LINCOLN — As soon as Jamal Turner identified Nebraska quarterback Taylor Martinez's audible, he turned toward the sideline and locked eyes with his position coach.
The third-down call midway through the first quarter was originally a run, but Southern Mississippi stacked the box and exposed a vulnerability downfield. Martinez saw it, and signaled toward Kenny Bell to go long.
Trouble was, the initial design had Turner aligned between Bell and Taariq Allen in a way that he couldn't cross the line of scrimmage before the pass was released. Against the rules. He knew it. So when the ball was snapped, he was statue-still. Allen did the same, too, just in case.
Bell, meanwhile, sprinted past a couple of confused defenders, and hauled in a well-thrown pass for a 26-yard touchdown, giving NU a 14-0 cushion about eight minutes into the game. A big moment, receivers coach Rich Fisher said.
“That wasn't the initial play that we called — but instead of getting out of the formation, we were just yelling for those guys to freeze,” Fisher said. “We didn't want an illegal receiver downfield.”
It was the type of heads-up play that — more than anything during a productive and efficient 49-20 win Saturday — showcased the progress of Turner and his teammates at receiver.
A year ago, Turner doesn't recognize that. Shoot, a year ago, he was on the sideline. So were senior Steven Osborne, sophomore Tyler Wullenwaber and sophomore Tyler Evans.
Suddenly, Nebraska appears to have developed a deep receiving unit, full of potential with guys who've learned how to supplement their game-changing physical gifts with on-the-fly awareness. The result, at least on one afternoon, will likely worry any opposing secondary tasked with slowing them down.
“We've got a lot of work still ahead, but it was a good first start,” Fisher said. “For the first game of the year, I'm super pleased.”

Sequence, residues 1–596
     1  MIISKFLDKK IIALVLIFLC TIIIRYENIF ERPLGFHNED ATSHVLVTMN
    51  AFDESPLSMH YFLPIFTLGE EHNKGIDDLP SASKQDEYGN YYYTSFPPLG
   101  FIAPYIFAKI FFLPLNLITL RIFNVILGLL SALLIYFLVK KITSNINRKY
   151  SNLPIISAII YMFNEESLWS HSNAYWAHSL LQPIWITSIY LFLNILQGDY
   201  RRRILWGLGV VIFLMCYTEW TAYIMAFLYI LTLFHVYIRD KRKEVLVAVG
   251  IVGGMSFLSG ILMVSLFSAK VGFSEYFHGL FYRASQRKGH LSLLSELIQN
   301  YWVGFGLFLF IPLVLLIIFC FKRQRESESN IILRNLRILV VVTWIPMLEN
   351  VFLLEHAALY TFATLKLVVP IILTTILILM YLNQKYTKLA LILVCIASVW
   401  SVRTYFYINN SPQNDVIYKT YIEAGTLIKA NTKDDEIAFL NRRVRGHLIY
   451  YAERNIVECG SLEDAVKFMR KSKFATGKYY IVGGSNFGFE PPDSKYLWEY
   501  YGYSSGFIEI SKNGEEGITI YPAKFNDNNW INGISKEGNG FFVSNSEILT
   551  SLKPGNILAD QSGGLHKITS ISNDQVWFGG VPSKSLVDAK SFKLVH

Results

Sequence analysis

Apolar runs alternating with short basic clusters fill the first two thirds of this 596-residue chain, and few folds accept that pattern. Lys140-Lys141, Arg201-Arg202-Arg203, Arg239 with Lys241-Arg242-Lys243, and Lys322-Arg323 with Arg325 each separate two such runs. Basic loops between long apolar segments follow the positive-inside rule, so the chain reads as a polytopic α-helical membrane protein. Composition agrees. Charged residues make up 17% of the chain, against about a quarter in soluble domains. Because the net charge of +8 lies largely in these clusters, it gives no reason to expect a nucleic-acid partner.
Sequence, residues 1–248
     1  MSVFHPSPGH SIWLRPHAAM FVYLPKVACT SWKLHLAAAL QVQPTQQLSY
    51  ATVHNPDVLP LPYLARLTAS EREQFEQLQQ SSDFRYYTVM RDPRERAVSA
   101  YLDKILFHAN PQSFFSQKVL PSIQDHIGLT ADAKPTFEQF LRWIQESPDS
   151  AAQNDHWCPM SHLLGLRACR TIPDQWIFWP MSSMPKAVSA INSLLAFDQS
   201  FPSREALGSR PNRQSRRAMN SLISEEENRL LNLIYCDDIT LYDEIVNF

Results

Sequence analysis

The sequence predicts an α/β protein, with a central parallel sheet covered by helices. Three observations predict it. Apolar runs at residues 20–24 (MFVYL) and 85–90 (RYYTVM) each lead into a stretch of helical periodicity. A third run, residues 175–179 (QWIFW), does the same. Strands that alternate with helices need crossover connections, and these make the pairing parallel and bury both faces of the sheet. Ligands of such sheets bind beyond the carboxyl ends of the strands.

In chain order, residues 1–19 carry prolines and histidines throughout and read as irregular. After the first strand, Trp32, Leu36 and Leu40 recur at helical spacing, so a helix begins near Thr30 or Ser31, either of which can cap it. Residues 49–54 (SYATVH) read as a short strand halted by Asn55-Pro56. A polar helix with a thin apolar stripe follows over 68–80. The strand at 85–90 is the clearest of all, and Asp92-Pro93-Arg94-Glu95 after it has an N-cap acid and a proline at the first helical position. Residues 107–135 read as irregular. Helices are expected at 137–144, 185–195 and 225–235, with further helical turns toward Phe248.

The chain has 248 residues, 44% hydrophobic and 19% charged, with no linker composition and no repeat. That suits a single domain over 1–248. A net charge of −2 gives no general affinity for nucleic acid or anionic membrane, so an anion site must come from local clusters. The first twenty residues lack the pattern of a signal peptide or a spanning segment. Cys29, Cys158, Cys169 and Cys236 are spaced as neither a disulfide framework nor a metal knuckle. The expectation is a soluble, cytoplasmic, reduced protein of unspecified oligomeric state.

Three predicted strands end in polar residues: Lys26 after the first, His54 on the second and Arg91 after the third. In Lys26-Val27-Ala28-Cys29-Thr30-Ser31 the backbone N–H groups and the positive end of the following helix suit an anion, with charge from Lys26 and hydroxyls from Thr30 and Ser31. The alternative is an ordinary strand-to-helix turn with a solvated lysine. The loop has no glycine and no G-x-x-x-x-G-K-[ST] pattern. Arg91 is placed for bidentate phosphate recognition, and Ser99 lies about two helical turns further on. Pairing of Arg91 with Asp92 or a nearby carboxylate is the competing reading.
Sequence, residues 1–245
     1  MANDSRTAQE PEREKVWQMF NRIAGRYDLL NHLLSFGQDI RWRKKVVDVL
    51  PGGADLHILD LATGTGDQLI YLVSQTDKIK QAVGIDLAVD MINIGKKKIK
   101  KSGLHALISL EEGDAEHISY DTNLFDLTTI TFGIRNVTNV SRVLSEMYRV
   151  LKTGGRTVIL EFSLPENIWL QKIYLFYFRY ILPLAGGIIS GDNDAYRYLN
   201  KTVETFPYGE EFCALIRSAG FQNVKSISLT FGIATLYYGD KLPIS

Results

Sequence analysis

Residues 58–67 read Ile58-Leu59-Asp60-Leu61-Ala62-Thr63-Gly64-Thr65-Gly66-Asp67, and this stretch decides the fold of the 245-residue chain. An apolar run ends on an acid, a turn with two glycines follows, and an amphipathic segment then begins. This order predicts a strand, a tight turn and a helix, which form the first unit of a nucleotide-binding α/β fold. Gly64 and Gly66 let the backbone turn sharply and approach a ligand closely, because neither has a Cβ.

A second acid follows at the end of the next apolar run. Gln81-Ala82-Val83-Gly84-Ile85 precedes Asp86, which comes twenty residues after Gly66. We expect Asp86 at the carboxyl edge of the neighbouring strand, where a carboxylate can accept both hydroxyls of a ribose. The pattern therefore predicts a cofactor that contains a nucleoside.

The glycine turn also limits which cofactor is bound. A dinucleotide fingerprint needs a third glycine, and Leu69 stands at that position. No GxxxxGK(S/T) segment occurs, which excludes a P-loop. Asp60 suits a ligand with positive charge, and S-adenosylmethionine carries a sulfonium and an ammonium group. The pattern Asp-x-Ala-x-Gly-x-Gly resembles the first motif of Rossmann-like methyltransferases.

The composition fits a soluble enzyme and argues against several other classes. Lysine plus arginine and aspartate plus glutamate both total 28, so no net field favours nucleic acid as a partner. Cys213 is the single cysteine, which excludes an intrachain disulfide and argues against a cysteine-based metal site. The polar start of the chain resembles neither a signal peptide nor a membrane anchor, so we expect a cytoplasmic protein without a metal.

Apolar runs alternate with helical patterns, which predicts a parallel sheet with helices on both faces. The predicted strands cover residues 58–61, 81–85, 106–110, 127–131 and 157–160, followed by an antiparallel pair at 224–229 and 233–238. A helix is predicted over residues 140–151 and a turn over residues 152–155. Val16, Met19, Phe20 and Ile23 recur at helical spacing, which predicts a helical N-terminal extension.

Junior Quincy Enunwa led the way with six receptions. He would have had more than 70 receiving yards if not for the sideline or an occasional feet tangling. Bell just had that one TD catch, but was targeted on several audibles by Martinez, clearly emerging as one of the quarterback's go-to targets.
Osborne, who had a breakthrough offseason, delivered the catch of the day — a 29-yard jump ball that he snatched while managing to tap a foot inside the end zone, putting Nebraska up 28-17 with 1:03 left before halftime.
Tim Marlowe broke his collar bone, but Evans stepped right in for the senior and caught a 26-yard pass on his first snap of the game. Turner showed off his elusiveness, piling up 45 yards after the catch on his two receptions.
Wullenwaber, who had an 8-yard catch, gave Bell several breathers. The speedster from Utica, Neb., appeared to have a step against a safety on a go-route during the first quarter, but Martinez played it safe and threw elsewhere.
By design, the contributions came from everyone.
“To see each other succeed is an exciting thing,” Bell said. “But at the same time, you're like, ‘Dang. Now I want to do that much better.' … We're great buddies and we care a lot about each other and we have nothing but faith in one another — but at the same time, we want to be the best.”
That's the kind of attitude Fisher's trying to create. He'll play anyone who's proven himself in practice. Saturday, there were eight (seven after Marlowe went down).
And Fisher didn't waste time rotating the reserves into the game, either.
On Nebraska's second drive, it used seven receivers. There was a substitution seemingly every play, partly because fatigue factored in on a hot day but also because NU wants its receivers fresher than the opposing defensive backs.
“It's a lot of mental gymnastics,” Fisher said. “That's probably the hardest part of what we do, is the tempo which we go, and rotating, and the formations, and shifts, and motions.”
But the players are used to it now that they've had an offseason to fully grasp all of their responsibilities. Similarly, they've gained a comfort level with the specifics of an offensive system that allows for pre-snap and mid-play alterations to routes.
There were mistakes Saturday, particularly in terms of reading coverages and adjusting accordingly. Fisher will undoubtedly have a long list when he reviews game tape with the group Monday.
All day Saturday, though, those receivers were overflowing with confidence, smiling and grinning and hopping around as if they were convinced that Southern Miss had little chance at stopping them.
“Every time we would come off the field (Saturday), we would all look at each other and say, ‘We have the best receiving corps in the nation,'” Turner said. “Even if it's not true, we don't care. We feel that we have the best receiving corps in the nation.”
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